The shockwaves of the Covid-19 pandemic and lockdowns have ripped through global real estate investment markets leaving gaping holes in the cash flows of property sectors such as fashion retail and hotels, depending on shopping crowds and travellers. Existential questions have been raised over the future of central business district offices, writes Steve Hays.
But, as the dark clouds disperse over the nadir of the crisis in the first-half of 2020, the wide geographical disparities in economic and bricks and mortar performance are becoming clearer.
Global real estate benchmark data provider Real Capital Analytics’ (RCA) latest Capital Trends research reports for the second quarter show that both China and Germany, countries that proved relatively adroit in their handling of the health and economic fallout from the crisis, also generally showed greater resilience in their domestic property investment sectors than other markets in Asia Pacific and Europe.
Tom Leahy, senior director EMEA Analytics at RCA in London, noted: “In some respects the pandemic could be the perfect storm for real estate. Physical restrictions prevent property viewings and the potential economic fallout provides enough uncertainty to limit deal making when property prices are at record levels in many markets.
“However, volumes across Europe have held up much better than some other markets in North America and Asia Pacific.”
Benjamin Chou, RCA analyst in Singapore, added: “China’s commercial real estate market rebounded in the second quarter of 2020, while the worsening economic outlook took its toll on the investment sentiment across the majority of sector markets in the region. The demand for Chinese office skyscrapers leaped, with nine buildings priced over $250 million changing hands in the quarter. Logistics facilities and data centres also remained in vogue, helping China’s investment volume to double the tally of Q2 2019, according to preliminary Real Capital Analytics data.”
In the Anglo-Saxon real estate markets, the impact of Covid-19 on deal volumes has been substantial. In the US, real estate investment transactions fell 68% in the second quarter across all property types compared with 2019 as potential buyers and sellers remained far apart in their price expectations.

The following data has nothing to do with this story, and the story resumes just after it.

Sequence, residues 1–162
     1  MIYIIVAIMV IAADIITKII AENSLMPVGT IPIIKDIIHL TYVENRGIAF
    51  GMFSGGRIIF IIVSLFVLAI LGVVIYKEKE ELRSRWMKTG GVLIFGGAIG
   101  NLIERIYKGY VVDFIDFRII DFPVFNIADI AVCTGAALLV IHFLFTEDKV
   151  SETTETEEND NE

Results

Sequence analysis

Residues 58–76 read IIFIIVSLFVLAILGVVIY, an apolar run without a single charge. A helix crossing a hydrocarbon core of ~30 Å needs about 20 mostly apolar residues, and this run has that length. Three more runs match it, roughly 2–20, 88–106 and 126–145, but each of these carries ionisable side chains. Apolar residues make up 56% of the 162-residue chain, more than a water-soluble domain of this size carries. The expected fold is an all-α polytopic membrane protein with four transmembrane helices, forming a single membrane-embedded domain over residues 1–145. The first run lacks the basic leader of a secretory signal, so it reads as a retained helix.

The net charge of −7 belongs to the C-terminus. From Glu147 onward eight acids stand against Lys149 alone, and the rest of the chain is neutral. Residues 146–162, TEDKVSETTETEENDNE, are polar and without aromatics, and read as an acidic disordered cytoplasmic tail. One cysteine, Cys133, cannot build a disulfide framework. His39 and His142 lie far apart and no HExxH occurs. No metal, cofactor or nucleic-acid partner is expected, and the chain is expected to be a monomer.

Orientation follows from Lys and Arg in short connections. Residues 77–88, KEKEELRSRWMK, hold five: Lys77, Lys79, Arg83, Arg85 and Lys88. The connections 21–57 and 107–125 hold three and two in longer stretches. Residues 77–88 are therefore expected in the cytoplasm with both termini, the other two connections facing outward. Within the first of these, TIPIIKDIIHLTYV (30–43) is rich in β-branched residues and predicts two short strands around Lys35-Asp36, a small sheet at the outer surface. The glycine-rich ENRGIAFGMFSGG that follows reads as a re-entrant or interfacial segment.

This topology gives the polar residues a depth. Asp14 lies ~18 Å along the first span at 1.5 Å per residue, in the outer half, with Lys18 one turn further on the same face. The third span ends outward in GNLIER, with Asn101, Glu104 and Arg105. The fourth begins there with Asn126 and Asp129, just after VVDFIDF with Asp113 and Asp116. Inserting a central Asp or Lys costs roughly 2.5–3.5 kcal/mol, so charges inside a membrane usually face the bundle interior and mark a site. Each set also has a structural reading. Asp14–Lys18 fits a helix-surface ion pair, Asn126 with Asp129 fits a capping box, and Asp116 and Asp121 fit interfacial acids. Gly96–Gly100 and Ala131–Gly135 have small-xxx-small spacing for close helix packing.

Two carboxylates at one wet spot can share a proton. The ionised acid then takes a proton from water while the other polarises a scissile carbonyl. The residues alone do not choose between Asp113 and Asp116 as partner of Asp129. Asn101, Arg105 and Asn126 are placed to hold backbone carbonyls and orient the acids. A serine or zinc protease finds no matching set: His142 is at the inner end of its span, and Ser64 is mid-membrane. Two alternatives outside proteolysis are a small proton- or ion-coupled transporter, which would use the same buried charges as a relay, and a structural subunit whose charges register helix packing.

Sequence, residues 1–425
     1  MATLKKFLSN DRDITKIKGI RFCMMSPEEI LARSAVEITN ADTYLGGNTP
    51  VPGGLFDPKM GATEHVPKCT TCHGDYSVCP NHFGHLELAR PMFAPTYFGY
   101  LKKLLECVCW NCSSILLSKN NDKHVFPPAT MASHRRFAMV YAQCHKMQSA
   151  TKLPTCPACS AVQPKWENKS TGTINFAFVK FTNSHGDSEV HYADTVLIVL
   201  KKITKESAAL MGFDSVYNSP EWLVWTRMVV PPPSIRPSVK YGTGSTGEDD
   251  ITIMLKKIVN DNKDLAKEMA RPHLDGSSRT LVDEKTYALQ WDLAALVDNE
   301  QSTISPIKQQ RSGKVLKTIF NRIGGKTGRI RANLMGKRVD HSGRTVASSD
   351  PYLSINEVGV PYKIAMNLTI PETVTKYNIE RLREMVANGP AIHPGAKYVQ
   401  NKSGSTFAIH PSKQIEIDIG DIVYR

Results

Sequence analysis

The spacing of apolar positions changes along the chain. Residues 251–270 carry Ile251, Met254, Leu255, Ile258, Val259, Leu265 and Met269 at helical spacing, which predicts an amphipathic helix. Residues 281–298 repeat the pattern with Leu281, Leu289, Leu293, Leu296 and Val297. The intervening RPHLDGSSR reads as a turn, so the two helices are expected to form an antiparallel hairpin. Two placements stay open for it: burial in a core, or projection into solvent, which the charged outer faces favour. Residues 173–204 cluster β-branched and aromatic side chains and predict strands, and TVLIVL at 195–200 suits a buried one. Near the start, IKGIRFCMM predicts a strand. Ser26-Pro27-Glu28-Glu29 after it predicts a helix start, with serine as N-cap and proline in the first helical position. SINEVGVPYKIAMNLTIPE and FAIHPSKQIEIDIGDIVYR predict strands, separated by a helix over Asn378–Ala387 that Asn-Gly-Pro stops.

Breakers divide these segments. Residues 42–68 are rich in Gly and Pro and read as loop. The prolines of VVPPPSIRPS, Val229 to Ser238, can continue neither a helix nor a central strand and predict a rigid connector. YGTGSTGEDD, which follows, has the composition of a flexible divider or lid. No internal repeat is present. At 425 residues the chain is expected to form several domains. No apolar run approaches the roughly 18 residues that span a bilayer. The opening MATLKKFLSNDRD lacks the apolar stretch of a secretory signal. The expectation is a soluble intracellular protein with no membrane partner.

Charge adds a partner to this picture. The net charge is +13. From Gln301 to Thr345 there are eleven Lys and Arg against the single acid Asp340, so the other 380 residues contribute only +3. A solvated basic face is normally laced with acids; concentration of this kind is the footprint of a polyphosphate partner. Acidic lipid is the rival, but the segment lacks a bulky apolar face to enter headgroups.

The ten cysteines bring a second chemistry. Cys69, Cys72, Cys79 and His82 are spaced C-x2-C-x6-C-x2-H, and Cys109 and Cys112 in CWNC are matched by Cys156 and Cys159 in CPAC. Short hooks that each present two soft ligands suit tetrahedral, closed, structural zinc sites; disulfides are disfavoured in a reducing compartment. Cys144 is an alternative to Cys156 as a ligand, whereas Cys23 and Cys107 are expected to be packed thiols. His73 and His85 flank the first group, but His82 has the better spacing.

Blackstone’s iQ student housing deal added £5.3 billion to the UK’s investment total in the second quarter and without this transaction, volumes would have been 68% down compared with Q2 2019. In the London market, the second quarter would have been the lowest recorded since 2001 without the Blackstone deal, RCA noted.
Logistics and residential resilient in Covid-19 crisis
The pandemic’s selective battering of economies around the globe has also been mirrored in the damage it has wrought across different property sectors, with grocery-anchored retail performing well as the world went into lockdown, compared with the footfall plunge in non-essential shopping, and logistics real estate benefitting from the boom in e-commerce.
Something quite remarkable has now happened to property yields, which represent rental income as a proportion of capital values. Historically, there was a 143 basis point-spread between prime shopping centre and prime logistics yields in Europe. But property agent Savills estimates that the European industrial/retail investment portfolio allocation has shifted from 25%/75% to close to 45%/55% over the five years to the beginning of 2019.
A result of the move in the weight of investment capital, those spreads have now converged. Indeed, in Q1 the yields crossed for the first time ever. The crisis in the retail sector has meant anticipated yields have kicked up marginally to 5.04%. Yields on prime logistics properties have dipped to 4.95%.